Boys Will Be Boys, Even If They Dress Like Girls

Dear Mr. Dad: I came home a little earlier than usual, walked into my bedroom, and saw my 6-year-old son sitting in front of the mirror, wearing one of my short dresses, heels, and applying mascara. He didn’t notice me at first because he was so busy talking to himself in the mirror. But as soon as he did, he scooted past me as fast as he could and went straight to his room. I’m worried and would like to talk with him about this, but he’s been avoiding me for days. What should I do?

A: You say that you’re worried, but you don’t say what, exactly, you’re worried about. If it’s simply that he was wearing your clothes, that’s probably not a big deal. In fact, at your son’s age, it’s a healthy sign. Playing dress-up gives kids a chance to explore what it might feel like to be someone else—even someone of the opposite sex—and that’s a skill that’s important as he learns about empathy.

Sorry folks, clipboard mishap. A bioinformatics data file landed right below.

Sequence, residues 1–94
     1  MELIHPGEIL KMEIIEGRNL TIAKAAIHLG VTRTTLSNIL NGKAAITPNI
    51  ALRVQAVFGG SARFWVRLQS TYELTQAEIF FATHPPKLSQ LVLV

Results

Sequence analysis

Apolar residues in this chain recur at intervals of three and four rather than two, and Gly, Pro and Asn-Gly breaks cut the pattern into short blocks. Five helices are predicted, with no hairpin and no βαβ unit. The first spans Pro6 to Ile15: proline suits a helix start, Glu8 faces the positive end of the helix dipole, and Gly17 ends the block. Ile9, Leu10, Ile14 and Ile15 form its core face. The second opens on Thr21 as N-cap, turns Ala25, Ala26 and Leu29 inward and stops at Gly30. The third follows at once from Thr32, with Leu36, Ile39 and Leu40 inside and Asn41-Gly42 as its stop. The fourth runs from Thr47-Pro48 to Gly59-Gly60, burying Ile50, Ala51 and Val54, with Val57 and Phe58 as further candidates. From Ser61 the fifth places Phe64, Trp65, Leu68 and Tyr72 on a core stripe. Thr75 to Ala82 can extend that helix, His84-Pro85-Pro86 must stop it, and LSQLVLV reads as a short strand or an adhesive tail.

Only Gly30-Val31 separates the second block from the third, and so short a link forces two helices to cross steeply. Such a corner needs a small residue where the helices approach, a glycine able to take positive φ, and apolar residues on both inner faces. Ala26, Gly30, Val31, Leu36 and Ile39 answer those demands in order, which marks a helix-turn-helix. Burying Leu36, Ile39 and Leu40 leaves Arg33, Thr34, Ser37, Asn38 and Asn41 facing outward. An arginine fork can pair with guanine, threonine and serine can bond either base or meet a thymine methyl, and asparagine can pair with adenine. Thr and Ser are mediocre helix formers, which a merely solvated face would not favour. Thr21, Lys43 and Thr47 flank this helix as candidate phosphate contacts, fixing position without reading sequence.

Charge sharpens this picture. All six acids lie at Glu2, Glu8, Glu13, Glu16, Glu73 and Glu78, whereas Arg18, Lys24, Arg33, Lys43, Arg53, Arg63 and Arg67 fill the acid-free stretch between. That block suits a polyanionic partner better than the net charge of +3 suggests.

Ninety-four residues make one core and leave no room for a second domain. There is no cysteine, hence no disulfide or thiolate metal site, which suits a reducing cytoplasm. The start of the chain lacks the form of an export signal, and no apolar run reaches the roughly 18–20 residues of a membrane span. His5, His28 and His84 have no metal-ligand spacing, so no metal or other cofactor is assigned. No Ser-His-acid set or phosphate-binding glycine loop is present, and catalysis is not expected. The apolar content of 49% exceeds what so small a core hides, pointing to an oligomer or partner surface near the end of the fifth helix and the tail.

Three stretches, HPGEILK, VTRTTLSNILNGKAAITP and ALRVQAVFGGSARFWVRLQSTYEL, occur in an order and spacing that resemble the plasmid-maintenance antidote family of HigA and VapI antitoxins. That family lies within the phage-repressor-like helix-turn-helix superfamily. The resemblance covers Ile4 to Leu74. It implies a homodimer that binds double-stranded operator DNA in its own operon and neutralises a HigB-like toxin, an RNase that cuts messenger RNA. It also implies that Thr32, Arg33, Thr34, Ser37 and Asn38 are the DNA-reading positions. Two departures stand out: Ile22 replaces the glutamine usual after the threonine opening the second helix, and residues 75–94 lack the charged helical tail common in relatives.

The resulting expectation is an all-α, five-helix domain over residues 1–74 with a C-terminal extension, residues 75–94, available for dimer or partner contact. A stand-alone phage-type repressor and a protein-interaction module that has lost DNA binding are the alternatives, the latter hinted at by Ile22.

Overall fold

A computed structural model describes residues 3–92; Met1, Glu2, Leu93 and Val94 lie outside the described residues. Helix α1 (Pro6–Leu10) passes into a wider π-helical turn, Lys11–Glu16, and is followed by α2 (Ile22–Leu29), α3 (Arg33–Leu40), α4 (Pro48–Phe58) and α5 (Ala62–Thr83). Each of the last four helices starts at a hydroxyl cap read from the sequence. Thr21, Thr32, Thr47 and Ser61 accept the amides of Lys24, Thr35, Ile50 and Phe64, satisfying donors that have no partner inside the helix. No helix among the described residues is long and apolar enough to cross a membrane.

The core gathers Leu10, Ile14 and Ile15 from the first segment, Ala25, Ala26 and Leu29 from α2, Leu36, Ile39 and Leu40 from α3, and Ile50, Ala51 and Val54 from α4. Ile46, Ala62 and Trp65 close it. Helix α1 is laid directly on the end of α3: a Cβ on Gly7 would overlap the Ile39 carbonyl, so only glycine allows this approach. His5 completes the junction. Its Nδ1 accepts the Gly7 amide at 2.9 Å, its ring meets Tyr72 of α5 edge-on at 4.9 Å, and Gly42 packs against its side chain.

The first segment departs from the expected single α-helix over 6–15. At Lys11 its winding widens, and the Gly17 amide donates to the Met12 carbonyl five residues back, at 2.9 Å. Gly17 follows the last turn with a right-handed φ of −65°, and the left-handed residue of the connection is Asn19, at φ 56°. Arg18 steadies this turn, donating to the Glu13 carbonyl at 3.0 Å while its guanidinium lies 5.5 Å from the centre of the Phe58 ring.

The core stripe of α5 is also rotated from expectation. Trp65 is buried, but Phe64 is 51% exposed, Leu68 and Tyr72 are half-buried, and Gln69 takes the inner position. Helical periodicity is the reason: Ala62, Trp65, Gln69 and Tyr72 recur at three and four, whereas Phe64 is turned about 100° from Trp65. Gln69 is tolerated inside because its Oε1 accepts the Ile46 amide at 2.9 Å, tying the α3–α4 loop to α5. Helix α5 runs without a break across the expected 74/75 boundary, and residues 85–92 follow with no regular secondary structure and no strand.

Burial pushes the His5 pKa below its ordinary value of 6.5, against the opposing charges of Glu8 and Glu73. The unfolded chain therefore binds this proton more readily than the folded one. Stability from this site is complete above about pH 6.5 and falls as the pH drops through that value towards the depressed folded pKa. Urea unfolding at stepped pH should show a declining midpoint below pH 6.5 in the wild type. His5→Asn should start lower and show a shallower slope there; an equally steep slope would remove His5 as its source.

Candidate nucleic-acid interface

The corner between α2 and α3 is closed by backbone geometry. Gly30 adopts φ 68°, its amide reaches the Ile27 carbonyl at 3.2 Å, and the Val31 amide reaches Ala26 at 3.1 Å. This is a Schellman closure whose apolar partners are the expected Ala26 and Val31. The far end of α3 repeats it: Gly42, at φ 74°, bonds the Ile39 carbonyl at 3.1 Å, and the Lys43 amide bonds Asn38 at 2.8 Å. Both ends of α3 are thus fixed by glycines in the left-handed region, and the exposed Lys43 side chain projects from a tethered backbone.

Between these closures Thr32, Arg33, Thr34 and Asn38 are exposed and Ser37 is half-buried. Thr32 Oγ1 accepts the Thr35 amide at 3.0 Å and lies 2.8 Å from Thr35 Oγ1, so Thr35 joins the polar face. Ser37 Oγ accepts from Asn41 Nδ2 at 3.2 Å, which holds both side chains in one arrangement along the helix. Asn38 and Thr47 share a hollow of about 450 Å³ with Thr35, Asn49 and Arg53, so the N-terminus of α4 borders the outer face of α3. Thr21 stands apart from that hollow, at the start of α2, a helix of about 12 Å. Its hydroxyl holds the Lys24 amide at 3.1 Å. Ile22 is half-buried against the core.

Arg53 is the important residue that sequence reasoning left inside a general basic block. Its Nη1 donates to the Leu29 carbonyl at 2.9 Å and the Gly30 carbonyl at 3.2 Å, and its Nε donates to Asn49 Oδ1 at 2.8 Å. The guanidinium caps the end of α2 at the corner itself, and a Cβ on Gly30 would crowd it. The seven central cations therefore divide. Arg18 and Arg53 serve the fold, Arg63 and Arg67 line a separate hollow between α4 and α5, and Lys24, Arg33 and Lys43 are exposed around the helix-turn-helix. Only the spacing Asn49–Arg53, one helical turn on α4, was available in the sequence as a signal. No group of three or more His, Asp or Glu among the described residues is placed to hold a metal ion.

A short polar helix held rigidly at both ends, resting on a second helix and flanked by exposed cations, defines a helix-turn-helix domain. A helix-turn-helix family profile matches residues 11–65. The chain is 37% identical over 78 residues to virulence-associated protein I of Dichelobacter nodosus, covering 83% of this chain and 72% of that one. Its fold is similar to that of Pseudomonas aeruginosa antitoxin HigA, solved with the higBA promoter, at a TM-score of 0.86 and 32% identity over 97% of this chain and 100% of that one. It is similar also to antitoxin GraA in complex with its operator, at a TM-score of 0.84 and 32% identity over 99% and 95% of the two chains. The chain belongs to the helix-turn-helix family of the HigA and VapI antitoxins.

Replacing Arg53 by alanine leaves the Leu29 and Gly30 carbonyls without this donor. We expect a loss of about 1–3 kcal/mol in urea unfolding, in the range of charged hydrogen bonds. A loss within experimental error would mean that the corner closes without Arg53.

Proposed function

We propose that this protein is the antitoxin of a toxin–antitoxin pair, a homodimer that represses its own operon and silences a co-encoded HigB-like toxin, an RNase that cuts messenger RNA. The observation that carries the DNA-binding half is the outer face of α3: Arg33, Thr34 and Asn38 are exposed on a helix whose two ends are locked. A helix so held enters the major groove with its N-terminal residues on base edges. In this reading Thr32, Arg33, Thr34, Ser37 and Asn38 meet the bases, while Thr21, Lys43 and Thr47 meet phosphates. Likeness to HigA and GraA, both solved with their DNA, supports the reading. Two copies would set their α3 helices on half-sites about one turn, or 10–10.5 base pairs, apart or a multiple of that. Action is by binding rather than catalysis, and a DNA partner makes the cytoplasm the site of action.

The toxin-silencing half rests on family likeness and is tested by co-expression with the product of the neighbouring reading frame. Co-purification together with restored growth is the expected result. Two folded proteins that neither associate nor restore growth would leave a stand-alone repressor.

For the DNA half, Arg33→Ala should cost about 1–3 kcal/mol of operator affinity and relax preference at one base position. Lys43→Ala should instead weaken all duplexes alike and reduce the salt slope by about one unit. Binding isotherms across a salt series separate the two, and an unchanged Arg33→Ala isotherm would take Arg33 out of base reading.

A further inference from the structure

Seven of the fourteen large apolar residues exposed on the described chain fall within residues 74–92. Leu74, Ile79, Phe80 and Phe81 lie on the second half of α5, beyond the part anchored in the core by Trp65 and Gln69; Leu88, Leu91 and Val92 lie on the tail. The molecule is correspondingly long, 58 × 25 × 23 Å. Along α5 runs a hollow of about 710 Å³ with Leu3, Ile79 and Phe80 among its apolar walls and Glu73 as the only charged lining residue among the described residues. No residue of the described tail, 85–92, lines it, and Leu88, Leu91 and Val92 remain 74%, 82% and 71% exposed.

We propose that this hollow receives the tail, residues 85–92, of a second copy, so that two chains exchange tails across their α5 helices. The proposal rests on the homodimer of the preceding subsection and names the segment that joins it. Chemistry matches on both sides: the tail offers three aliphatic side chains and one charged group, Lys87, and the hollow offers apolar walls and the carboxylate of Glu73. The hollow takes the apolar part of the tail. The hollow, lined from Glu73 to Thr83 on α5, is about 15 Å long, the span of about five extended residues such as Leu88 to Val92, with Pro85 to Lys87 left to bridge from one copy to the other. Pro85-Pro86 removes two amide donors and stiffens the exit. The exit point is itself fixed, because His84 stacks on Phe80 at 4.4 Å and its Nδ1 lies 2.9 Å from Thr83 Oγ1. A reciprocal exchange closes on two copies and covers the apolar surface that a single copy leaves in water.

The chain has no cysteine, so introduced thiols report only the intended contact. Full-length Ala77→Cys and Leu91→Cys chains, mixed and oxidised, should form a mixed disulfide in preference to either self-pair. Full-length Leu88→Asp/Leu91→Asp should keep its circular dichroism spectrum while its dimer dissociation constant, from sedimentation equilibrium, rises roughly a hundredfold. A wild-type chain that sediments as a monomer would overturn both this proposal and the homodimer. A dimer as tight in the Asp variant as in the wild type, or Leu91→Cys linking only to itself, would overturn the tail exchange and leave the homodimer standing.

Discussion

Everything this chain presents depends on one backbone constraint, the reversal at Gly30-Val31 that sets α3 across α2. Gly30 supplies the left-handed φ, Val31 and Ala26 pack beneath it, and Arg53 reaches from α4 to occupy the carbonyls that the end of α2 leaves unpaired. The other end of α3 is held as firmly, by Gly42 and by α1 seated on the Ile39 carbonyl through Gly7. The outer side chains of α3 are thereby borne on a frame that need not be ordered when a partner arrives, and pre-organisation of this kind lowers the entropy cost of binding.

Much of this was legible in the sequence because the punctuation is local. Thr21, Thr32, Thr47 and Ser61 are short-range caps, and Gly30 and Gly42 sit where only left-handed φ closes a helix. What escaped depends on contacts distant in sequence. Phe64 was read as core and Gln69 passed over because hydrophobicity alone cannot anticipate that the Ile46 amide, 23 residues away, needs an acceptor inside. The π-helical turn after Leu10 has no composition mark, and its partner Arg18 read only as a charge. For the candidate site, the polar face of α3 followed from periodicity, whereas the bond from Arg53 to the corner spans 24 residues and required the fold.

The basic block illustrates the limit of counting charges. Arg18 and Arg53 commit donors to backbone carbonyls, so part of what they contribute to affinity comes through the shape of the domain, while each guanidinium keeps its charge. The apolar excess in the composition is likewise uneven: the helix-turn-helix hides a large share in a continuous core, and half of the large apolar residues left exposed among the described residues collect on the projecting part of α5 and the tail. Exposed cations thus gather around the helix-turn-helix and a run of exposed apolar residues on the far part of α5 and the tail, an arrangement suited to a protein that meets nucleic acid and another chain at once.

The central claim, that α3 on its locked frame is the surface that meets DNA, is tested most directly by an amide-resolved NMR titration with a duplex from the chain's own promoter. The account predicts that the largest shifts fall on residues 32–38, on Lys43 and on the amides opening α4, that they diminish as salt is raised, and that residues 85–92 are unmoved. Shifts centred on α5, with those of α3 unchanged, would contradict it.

If you’re worried that he may be gay or have a gender identity disorder, the chances are pretty slim. Pretending to be of the opposite sex is by no means an accurate predictor of anything–especially at your son’s age. To put this in perspective, ask yourself whether you’d be as worried if your son were a girl and you caught her trying on her dad’s clothes. For some reason, we’re generally okay with girls who dress like boys, but boys who dress like girls set off all sorts of alarms. Interestingly, children are often even less tolerant than adults of their peers (especially boys) who don’t wear the clothes they’re “supposed to.”
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